The problem of keeping your private information private has been aggravated recently by the hacking of law enforcement networks

With good reason, cops have always been careful about keeping their personal lives separate from their professional lives. Conventional wisdom says that a cop should get his mail at a post office box to keep his physical home address confidential, maintain an unpublished telephone listing, and take advantage of the system some state motor vehicle bureaus have where they will hide the address associated with an officer’s personal vehicle and driver’s license in a routine inquiry. These are all sound practices, but they’re less effective than was the case in my day, before the proliferation of online data mining services.

Data mining services probe the extensive network of online databases and gather information they then sell to third parties. Unless you go to Unabomber-level “off the grid” measures, there is no practical way to keep your information away from these services. We’ve all got some combination of driver’s licenses, vehicles, real estate, credit card accounts, marriage and birth records, etc. out there, and the companies that hold this information can often increase their profits by selling it.

Even before my first law enforcement job, I was careful to keep my physical address and phone out of the public eye, or so I thought. Until recently, my landline telephone service was through my cable TV provider, and I paid extra each month for an unpublished listing. Imagine my reaction when I got a letter from them advising that they had “unintentionally” included my phone number in a listing of published numbers they sold to a phone directory company. Worse yet, although my bills came to a post office box, the address associated with the number they told everyone about was my physical address, where I got my service. They changed the phone number for free, but they declined to buy my house and move me to another one.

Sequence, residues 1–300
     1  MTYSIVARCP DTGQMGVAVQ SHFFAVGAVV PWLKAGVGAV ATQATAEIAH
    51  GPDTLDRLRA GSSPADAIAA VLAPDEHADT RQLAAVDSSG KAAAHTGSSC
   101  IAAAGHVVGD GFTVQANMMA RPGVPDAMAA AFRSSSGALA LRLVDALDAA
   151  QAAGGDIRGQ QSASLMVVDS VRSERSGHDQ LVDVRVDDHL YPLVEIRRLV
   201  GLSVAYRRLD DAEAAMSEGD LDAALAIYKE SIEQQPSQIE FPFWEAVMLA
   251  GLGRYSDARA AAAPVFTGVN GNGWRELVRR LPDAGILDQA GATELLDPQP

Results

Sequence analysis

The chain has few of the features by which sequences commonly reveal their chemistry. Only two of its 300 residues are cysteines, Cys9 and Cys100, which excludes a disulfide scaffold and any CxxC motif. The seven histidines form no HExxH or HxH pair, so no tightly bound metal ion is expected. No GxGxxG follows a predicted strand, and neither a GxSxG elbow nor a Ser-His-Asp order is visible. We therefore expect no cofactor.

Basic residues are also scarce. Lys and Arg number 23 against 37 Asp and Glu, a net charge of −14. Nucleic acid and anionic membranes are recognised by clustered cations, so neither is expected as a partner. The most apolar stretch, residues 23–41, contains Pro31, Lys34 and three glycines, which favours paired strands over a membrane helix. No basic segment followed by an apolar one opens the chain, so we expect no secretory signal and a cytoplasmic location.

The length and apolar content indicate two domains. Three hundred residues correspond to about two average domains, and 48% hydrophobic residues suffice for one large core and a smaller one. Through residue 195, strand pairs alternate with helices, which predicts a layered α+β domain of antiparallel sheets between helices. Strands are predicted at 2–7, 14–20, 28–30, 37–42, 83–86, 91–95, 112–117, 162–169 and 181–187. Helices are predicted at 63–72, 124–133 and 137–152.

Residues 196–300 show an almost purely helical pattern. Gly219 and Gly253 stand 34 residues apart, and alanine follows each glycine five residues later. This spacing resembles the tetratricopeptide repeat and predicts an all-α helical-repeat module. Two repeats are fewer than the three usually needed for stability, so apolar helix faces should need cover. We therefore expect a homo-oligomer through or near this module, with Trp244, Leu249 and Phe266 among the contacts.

I’ve talked before about the importance of creating strong passwords and watching what information you make available to social networks like Facebook. You can also take steps to limit what information is available through data mining vendors like Zabasearch and PeopleFinders.

• Do a search for your name on any data mining service you can locate and request the service remove your information from their database. Most will comply. There is a list of the major players in this industry, with instructions on how to request exclusion from their listings, here.
• Contact the Direct Marketing Association and file a request to be removed from the lists their members maintain and sell. You can select the type(s) of lists you want to target, e.g. magazine subscriptions, credit card offers, etc.
• Consider subscribing to a privacy service that actively monitors the internet and files information removal requests on your behalf. DeleteMe is one of these, although I haven’t tried it and have no way of knowing how effective they are.
• Obtain a phone number from Google Voice and link it to your other phone numbers (home, office, cell, etc.) selectively. The service is free, the numbers aren’t associated with your name, and you can set it to ring all your phones at the same time, or place a “Do Not Disturb” on them during hours you choose. Give out the Google Voice number instead of your personal phone number.
• Register your phone numbers with the Federal Trade Commission’s Do Not Call Registry, or call (888) 382-1222 from the phone(s) you want excluded.
• Have your mail sent to a post office box—one at a real post office, not a private vendor. The Postal Service has rules about what information they will give out and who they will give it to. The private services make it up as they go along.

While it’s unusual for bad guys to hunt down officers at their homes to terrorize them or their families, it’s not unknown. Don’t make it easy for someone to do so.

Read more